On October 31, Federal Reserve Chairman Ben Bernanke discussed the mortgage market and mortgage securitization in the United States at a symposium held in Berkeley, California. Bernanke outlined three principles for successful mortgage securitization: high credit quality in the underlying mortgages, capacity to manage risk by the investors that hold the securities, and transparency in the underlying assets and the security itself. During the credit boom, several of these principles gave way as demand for securities increased.
The mortgage securitization process serves several important purposes, including providing loan originators wider sources of funding and a reduction in the overall cost of providing mortgage credit. In the current market, almost no mortgage securitization is occurring absent some government guarantee. Historically, government-sponsored enterprises (GSEs) have represented a large percentage of the total securitization market in the United States. Bernanke discussed possible alternatives to the current GSE model, including privatization of the GSEs (Fannie Mae, Freddie Mac and Ginnie Mae), which would eliminate the inherent conflict between the private shareholders and public policy objectives. Bernanke also mentioned tying the GSEs even more closely to the government, akin to the model public utilities use, or using a cooperative ownership structure. Creating a different balance between the public/private ownership and oversight of the GSEs might lead to greater flexibility and innovation.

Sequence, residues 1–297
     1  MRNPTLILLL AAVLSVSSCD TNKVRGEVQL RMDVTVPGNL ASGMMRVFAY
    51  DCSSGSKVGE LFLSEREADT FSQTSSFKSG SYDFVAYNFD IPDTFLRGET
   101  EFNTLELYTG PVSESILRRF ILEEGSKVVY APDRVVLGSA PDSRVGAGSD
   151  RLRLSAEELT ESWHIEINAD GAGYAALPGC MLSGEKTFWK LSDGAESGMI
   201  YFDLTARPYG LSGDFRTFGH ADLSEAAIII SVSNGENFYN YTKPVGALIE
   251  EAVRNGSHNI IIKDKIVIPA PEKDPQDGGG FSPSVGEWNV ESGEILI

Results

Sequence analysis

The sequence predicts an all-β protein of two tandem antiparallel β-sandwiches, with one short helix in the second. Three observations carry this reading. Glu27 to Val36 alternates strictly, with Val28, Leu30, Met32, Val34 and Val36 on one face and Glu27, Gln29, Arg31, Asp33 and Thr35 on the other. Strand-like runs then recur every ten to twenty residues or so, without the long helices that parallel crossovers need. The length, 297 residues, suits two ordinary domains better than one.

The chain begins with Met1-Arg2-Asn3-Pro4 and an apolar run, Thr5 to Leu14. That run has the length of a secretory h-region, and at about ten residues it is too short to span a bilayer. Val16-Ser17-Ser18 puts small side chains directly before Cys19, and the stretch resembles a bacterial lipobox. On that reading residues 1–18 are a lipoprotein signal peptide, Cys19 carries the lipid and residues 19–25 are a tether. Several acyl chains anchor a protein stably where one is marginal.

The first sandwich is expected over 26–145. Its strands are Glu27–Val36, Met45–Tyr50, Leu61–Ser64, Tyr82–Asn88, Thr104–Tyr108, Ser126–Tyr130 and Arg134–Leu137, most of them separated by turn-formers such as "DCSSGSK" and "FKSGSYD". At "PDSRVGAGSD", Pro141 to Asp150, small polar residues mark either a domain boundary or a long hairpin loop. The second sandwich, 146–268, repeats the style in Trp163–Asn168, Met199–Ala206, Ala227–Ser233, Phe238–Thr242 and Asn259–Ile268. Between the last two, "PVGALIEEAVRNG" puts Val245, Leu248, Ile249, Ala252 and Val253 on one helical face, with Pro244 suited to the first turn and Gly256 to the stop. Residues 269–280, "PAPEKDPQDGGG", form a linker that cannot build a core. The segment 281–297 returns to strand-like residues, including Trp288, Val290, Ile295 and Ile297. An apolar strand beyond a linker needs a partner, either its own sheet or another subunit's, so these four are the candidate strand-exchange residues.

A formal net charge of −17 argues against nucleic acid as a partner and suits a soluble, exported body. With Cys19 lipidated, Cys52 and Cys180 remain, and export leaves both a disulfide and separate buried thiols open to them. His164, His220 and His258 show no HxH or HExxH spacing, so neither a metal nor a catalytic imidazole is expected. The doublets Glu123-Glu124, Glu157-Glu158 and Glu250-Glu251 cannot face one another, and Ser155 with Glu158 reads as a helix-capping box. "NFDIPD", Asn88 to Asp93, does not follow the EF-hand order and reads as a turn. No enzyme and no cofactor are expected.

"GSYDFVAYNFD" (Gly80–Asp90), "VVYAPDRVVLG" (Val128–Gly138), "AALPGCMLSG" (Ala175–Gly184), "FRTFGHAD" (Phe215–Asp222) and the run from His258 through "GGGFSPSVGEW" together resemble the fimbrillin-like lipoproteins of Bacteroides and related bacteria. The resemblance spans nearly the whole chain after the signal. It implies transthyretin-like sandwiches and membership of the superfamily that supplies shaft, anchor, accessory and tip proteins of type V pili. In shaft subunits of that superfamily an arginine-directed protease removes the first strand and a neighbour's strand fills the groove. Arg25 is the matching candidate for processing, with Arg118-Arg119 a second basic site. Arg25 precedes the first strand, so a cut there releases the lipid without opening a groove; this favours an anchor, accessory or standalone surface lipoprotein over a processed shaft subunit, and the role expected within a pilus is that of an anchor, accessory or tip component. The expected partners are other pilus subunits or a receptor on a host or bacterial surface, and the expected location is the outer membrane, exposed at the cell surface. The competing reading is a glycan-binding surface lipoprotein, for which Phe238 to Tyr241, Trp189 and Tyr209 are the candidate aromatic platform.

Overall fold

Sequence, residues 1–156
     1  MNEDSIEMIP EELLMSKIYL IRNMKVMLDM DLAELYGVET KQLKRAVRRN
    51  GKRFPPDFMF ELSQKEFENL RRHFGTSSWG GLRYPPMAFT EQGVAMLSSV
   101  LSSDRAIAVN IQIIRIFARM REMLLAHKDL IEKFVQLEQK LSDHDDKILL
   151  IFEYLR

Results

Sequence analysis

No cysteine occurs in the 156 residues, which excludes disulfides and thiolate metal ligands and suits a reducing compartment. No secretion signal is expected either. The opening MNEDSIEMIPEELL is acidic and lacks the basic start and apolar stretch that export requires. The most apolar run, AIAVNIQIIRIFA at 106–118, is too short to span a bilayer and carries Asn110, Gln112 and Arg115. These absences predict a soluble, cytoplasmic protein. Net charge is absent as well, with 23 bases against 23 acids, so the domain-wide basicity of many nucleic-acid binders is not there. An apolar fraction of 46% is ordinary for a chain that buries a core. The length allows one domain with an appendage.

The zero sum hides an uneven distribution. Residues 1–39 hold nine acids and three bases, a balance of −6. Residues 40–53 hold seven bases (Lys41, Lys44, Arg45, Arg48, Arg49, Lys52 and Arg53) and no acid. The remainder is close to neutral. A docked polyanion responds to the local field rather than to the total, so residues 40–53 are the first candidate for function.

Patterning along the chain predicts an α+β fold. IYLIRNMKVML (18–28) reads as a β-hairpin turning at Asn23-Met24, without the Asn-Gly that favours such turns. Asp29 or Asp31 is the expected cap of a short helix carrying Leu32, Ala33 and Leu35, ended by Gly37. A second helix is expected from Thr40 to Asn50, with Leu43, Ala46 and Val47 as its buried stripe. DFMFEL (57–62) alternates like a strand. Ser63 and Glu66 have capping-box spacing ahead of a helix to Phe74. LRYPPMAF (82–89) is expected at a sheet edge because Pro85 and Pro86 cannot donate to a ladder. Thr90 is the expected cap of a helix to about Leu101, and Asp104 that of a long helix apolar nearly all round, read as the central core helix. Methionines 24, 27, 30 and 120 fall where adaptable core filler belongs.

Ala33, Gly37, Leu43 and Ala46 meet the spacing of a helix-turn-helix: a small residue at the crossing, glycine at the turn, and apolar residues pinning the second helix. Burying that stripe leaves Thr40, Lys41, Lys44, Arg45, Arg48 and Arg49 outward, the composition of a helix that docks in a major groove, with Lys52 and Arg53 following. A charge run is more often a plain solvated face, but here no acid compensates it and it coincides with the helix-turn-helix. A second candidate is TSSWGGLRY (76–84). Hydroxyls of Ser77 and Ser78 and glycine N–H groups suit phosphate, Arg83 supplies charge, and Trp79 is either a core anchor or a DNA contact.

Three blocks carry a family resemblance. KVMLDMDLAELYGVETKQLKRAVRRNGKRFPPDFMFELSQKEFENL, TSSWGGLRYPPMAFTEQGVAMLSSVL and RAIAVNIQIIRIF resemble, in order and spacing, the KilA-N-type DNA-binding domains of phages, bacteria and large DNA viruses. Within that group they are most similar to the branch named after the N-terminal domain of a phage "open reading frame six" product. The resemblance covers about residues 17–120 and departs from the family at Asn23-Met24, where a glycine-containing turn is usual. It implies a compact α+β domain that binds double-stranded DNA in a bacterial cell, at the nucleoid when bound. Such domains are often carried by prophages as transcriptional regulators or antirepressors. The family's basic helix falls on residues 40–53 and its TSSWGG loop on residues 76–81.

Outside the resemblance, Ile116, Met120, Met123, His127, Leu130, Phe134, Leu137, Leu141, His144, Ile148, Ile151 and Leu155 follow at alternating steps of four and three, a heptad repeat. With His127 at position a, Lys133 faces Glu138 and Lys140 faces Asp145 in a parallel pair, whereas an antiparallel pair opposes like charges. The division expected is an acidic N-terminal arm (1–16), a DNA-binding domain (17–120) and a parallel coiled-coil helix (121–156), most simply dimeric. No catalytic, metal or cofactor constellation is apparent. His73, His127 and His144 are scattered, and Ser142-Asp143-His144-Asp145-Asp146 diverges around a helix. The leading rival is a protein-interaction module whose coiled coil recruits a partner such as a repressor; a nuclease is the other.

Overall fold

Bernanke discussed issuance of covered bonds as a means to providing successful mortgage financing without GSE-type organizations. To date, there have not been many covered bonds issued in the United States, in part because there have been other, more competitive means to fund mortgage financing, including securitization through the GSEs. Covered bonds are debt obligations issued by financial institutions and secured by a pool of high-quality mortgages or other assets. Covered bonds remain on the balance sheet of the issuing banks, exposing the issuing banks to the credit quality of the underlying assets. This feature better aligns the incentives of investors in securities backed by mortgages to obtain high-quality assets with the incentives of the mortgage lenders. Regardless of the form, the housing finance system must ensure successful funding and securitization of mortgages during financial stress but not create institutions that pose systemic risks to financial markets and the economy.